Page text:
University of Cambridge > > Isaac Newton Institute Seminar Series > The Geometry of Phase Transitions in Convex Optimization

The Geometry of Phase Transitions in Convex Optimization

Add to your list(s) Download to your calendar using vCal

If you have a question about this talk, please contact Mustapha Amrani.

Polynomial Optimisation

Recent empirical research indicates that many convex optimization problems with random constraints exhibit a phase transition as the number of constraints increases. For example, this phenomenon emerges in the l1 minimization method for identifying a sparse vector from random linear samples. Indeed, this approach succeeds with high probability when the number of samples exceeds a threshold that depends on the sparsity level; otherwise, it fails with high probability. This is joint work with D. Amelunxen, M. McCoy and J. Tropp.

We present the first rigorous analysis that explains why phase transitions are ubiquitous in random convex optimization problems. We also describe tools for making reliable predictions about the quantitative aspects of the transition, including the location and the width of the transition region. These techniques apply to regularized linear inverse problems with random measurements, to demixing problems under a random incoherence model, and also to cone programs with random affine constraints.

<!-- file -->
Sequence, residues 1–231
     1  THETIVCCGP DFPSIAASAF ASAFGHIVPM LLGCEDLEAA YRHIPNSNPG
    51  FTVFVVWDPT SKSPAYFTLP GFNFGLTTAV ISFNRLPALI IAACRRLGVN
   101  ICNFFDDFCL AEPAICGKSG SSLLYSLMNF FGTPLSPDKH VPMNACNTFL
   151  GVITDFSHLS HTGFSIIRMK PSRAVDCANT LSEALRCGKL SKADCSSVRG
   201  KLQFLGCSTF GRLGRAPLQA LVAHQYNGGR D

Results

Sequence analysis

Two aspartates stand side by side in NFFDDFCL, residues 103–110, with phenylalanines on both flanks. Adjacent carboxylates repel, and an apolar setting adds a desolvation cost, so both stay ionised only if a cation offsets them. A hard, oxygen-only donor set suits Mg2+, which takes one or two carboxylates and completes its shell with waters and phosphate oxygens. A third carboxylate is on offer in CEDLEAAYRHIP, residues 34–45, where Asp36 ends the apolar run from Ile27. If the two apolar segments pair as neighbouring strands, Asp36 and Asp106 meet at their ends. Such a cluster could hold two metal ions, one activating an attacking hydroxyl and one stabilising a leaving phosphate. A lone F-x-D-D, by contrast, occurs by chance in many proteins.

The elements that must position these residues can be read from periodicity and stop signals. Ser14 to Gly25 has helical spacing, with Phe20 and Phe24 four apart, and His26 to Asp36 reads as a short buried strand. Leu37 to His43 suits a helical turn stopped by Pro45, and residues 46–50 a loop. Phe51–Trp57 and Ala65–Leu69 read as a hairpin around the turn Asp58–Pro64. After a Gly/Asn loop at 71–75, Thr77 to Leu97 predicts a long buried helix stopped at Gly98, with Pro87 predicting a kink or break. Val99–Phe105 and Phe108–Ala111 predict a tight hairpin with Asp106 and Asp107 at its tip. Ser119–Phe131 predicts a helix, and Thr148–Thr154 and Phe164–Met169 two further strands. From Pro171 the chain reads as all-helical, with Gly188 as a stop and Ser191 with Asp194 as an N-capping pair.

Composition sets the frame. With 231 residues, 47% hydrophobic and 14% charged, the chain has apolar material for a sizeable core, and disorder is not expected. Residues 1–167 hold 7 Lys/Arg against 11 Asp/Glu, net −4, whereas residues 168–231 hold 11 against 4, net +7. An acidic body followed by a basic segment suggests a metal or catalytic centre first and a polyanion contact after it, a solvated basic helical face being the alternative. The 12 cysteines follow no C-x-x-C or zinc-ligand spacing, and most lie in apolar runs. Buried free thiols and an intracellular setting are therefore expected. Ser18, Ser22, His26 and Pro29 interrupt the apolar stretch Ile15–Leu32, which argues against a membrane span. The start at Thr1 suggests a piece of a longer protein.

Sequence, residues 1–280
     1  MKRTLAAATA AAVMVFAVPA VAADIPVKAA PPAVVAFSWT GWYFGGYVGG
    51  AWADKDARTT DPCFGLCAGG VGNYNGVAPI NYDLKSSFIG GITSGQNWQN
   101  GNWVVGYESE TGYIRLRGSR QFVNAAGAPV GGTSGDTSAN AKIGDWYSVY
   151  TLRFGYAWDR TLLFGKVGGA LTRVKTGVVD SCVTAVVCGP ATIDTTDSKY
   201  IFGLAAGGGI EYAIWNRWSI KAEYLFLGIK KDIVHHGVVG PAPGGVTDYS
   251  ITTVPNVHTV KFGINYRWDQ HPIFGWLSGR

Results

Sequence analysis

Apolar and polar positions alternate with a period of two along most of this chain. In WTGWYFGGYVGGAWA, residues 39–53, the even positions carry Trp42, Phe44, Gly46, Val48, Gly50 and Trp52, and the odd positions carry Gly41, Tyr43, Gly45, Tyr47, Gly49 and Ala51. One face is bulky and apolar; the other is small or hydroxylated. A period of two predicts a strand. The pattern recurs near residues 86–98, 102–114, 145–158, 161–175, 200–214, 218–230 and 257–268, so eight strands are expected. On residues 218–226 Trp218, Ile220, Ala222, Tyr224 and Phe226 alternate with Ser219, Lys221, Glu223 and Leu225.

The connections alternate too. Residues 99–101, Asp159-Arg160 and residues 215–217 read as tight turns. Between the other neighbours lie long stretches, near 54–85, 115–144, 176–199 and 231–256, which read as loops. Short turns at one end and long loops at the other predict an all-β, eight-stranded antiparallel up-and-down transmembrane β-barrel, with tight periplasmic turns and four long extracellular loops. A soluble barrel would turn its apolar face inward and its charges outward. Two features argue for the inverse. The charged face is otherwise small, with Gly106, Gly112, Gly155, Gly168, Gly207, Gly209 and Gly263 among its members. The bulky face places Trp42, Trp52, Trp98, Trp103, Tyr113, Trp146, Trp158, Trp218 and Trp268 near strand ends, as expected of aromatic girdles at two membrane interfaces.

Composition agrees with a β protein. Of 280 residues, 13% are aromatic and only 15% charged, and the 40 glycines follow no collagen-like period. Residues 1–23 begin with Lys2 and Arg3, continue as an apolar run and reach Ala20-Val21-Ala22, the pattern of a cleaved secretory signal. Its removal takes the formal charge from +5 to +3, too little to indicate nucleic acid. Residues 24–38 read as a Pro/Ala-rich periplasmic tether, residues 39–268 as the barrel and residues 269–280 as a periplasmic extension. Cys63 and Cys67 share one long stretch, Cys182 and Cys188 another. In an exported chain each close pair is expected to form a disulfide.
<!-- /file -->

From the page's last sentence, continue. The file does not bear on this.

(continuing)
These applications depend on foundational research in conic geometry. A new summary parameter, called the statistical dimension, canonically extends the dimension of a linear subspace to the class of convex cones. The main result demonstrates that the sequence of conic intrinsic volumes of a convex cone concentrates sharply near the statistical dimension. This fact leads to an approximate version of the conic kinematic formula that gives bounds on the probability that a randomly oriented cone shares a ray with a fixed cone.

This talk is part of the Isaac Newton Institute Seminar Series series.

Tell a friend about this talk:

This talk is included in these lists:

Note that ex-directory lists are not shown.


© 2006-2021, University of Cambridge. Contact Us | Help and Documentation | Privacy and Publicity